p class=”p1″>Sitting in an advanced English course in a German high school, Jane* blends into the crowd. She is surrounded by white faces and occupies her place amidst the neat rows of off-white desks. She reads the same textbooks, laughs at the same jokes and writes with the same pencils as her classmates. Yet, her past is so starkly different from the peers she sits next to. She is a refugee, who initially escaped to Greece and now lives in Germany with her mother. She has slept in refugee camps and has been forced to live with strangers in crowded spaces. She is one of the 1.1 million refugees who have come to Germany within the past year and are trying to integrate into German society.
Over winter break, funded by the Meinig Family Cornell National Scholars program, I traveled to Germany to gain on-the-ground information about the influx of refugees in Germany and to hear the stories of people like Jane who have been affected by the greatest movement of refugees to Europe since World War II. Currently, the primary issue of concern and goal for Germany is integration of these people. In the next few years, what will Germany look like? How will Germany change? By conversing with people directly facing the effects of the situation, I caught a glimpse of the integration process that has just started to begin during the past year and a half.
A remarkable response through the Willkommenskultur (Welcoming culture) has been fostered by ordinary German people who are motivated by a moral imperative to help and welcome new refugees. Adrian, a high school student I spoke to, had just spent his winter break on the shores of Greece, distributing socks and warm clothes to refugees arriving on flimsy boats. Maren, a full-time consultant, served as a grassroots organizer during the weekends, using food and community dinners as means to connect Germans and refugees. Henoch, a biotech scientist, expressed his belief that “it should be absolutely natural for Germans to provide any kind of help for the reason that they’re human beings.” As I looked into the eyes of person after person describing their commitment to creating an accepting culture, I couldn’t help but marvel at the inspiring acts of humanity displayed collectively through individual Germans.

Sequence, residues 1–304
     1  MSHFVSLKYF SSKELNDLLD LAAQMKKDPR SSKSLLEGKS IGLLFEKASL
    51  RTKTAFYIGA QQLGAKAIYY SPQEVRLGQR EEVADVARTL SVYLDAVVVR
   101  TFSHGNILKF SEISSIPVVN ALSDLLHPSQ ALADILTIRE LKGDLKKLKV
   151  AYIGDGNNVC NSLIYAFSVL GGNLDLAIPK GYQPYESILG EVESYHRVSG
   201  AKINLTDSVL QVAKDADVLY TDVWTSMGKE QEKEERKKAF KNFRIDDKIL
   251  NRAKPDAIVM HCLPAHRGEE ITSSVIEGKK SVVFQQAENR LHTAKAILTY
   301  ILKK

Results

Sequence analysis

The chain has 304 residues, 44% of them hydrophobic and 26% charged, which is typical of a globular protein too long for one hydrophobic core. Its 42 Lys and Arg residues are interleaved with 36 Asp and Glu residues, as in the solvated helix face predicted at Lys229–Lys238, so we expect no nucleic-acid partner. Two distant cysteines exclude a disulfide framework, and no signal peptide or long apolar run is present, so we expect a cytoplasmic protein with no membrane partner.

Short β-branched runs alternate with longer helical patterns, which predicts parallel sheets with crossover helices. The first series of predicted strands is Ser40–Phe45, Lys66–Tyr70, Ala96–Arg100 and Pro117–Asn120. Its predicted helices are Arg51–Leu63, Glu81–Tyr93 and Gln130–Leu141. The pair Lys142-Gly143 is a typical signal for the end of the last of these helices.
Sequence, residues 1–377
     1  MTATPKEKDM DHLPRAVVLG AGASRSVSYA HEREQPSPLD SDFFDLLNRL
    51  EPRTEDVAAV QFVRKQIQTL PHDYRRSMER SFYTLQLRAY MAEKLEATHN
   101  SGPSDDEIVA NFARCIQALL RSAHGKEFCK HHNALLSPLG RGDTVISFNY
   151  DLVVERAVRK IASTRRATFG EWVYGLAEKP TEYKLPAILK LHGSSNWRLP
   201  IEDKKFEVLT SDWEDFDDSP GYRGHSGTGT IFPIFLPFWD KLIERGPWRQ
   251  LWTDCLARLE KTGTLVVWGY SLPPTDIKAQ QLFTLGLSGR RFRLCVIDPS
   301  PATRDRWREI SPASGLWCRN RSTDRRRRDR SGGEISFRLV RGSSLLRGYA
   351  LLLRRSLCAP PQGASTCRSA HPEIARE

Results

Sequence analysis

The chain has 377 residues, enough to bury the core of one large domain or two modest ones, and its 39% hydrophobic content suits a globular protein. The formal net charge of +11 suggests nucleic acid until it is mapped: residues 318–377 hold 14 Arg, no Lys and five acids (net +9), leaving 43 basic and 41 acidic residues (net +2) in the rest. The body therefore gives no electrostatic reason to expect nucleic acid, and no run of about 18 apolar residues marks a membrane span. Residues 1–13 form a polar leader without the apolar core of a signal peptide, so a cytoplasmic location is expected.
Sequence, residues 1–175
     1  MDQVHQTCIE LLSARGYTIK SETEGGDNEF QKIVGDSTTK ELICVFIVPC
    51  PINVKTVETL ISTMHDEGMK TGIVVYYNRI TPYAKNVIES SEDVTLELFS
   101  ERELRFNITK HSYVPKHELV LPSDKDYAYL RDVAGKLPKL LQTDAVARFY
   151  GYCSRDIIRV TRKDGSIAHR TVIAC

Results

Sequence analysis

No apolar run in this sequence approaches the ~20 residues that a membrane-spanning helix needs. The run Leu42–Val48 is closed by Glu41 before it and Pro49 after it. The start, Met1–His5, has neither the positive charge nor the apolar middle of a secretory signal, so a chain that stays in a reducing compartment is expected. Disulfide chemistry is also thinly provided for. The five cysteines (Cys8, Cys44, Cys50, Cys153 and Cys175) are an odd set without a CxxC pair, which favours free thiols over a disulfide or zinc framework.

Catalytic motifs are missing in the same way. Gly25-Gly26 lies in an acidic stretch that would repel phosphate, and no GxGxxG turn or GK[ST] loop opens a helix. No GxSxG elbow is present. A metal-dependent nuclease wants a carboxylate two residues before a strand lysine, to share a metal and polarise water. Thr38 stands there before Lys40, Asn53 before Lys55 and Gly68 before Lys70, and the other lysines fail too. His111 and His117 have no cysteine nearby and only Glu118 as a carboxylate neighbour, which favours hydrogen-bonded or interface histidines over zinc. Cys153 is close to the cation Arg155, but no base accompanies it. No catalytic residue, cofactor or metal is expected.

And yet, there exists an apparent clash between moral desires and pragmatism. The challenges have also overflown to various parts of society. Some doctors are forced to work 2 a.m. shifts to accommodate newly arrived refugees. Christiane, a labor researcher, expressed her concern regarding the government’s mistake of letting in people without proper identification. Even “ideal immigrants” — young, university educated, and ready to work — are stuck waiting and receiving government support due to the bureaucracy. Furthermore, during my time in Germany, Cologne — the very city in which I was staying and the fourth largest city in Germany — captured international headlines for the attacks that occurred on New Year’s Eve. There, hundreds of women were attacked, sexually assaulted and stolen from by hundreds of “men of North African or Arab descent.” This incident of crime only bolstered the heightened tensions that permeated the conversations, news headlines, and street protests.
As a result, there was perhaps a noticeable shift in media sentiment, towards a more critical lens. Initially, some Germans felt that there was a degree of social pressure perpetuated by the media to fully support refugees without focusing attention on the challenges. Gerit, a German graduate student, said, “I think the media in this year will be playing a very important role in how the society in Germany thinks.” For many, German media outlets are immensely influential sources of information regarding the situation. However, instead of the polarized dichotomy depicted widely in portrayals, the German responses appeared to represent more of a mosaic, comprised of varying levels of concern and optimism and nuanced understandings. People are clearly conflicted on how to proceed. There exist reasonable people with valid, understandable apprehensions. Surprisingly, one Iranian refugee expressed her opinion that Germany’s choice “was the best decision for refugees, but the worst decision for Germany.” Ironically, some right-wing conservatives and immigrants share the same skeptical opinions. Many were very careful in articulating their thoughts, cautious not to offend or appear judgmental. Still, others were genuinely fearful of increases in crime. As one university student said, “In this situation, the simple solutions are the wrong solutions.”
Not even a century has passed since the horrific events of the Holocaust indelibly stained Germany’s history. And yet, present-day Germany has demonstrated a striking shift in attitude. As put by a German woman, “Only someone who has seen the wall through Berlin and the lethal fence of the Iron Curtain with their own eyes, can correctly assess what that means… This year our country has had the historic opportunity to show that our hearts have really changed, from a country that wanted to wipe out a whole nation of people to a country that can take in a whole nation of people.” Their actions are not clouded by idealism, but they are fueled by clear and thoughtful motivations. The complexities of the situation demand flexibility, adaptation and a willingness to be uncomfortable. As Germany wrestles its moral ideals with its pragmatism, the solutions cannot be reduced to simple answers.
*Names have been changed for privacy reasons.
Juliana Hong is a freshman in the College of Arts and Sciences. She may be reached at [email protected]. Guest Room appears periodically this semester.